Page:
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EL 266 Smith The many hats of Jim

"By becoming, in effect, an author, Jim writes himself a new destiny." (Smith 364)

Jim is an underestimated character in the book. This comes from the era, I feel. Southern slaves were not, as we have learned, treated all that bad. They were, in essence, part of the white family. The children of masters and slaves all played together, among other activities. So racism did not play a major role.
I have to admit, when the term "nigger" is used I automatically think of the era that AHF is placed. That eases the term a bit as that is what black Americans were referred to then. I did not match the term to racism automatically. There are instances of it throughout the book though.
Jim had a huge impact on the novel. If it were not for Jim, there would not have been Huck. And if the story only contained Huck, it would have been really boring. Jim was the adhesive between Huck and the adventure. Clemens even went as far as to add a family for Jim. That gave Jim a lead role in the book. Although Jim was a slave who was imprisoned, he still had a voice in the novel. There are several chapters where Jim plays a major role. So in fact, he does write a new destiny.
The ending is one that probably shocked many readers. The whole town wants to hang Jim, but the doctor basically says, hey! this man helped me when I thought Tom was going to die. The town then gains a new outlook on him. Jim becomes free at the end. The whole time he was free but didn't know it. Jim's destiny has finally been reached.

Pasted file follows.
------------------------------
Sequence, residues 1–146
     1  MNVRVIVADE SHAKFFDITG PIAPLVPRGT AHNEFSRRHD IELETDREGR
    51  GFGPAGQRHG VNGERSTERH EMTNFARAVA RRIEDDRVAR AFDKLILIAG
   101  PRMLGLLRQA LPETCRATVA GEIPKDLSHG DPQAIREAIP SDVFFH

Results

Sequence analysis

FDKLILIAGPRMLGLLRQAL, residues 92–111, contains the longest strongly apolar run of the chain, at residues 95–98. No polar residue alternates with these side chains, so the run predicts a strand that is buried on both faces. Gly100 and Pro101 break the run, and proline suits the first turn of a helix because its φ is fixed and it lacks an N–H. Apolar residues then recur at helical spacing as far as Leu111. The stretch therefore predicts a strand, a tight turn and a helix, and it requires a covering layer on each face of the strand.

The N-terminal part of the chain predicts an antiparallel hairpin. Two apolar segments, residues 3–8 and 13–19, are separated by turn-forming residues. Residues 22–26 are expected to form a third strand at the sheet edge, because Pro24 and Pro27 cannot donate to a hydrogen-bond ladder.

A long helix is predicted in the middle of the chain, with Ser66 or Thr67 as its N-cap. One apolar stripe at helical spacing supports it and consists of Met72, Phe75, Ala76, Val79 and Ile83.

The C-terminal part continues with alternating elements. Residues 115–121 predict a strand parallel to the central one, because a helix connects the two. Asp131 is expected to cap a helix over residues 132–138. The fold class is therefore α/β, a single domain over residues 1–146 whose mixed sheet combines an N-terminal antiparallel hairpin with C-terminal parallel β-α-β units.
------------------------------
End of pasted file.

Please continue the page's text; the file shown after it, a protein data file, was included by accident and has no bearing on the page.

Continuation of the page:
Of course Jim had a huge impact on the novel, I completely agree! I like the references Smith made to how superstitious Jim is too, thus his stories helped make him the character he is. I know I wanted to see Jim free in the end - very glad that happened - but without him, the novel would have been nothing. I believe you phrased it best with "Jim was the adhesive between Huck and the adventure." Excellent way to describe that.
We really did need Jim's outlandish stories (reading fortunes from a hairball) to fully understand how creative and intelligent he is - making him a contributing factor to the story.

I had blogged about the same quotation. And I agreee with Heather. Describing Jim as the adhesive between Huck and his adventure is very nicely said. The more I think about, he more I realize how much Jim had affected Huck's adventure. Really, if Jim was not involved in the story, there would really be no adventure for Huck and no book for us to read at all.

Without Jim, some of the biggest conflicts within this novel would be lost. Huck's big moral dilemma is the contrast between what society has imposed on him and what his conscience tells him. There are instances other than Jim's freedom--namely the situation with the Duke and the King--but this is the main one. The climactic moment in this novel is centered on this dilemma.

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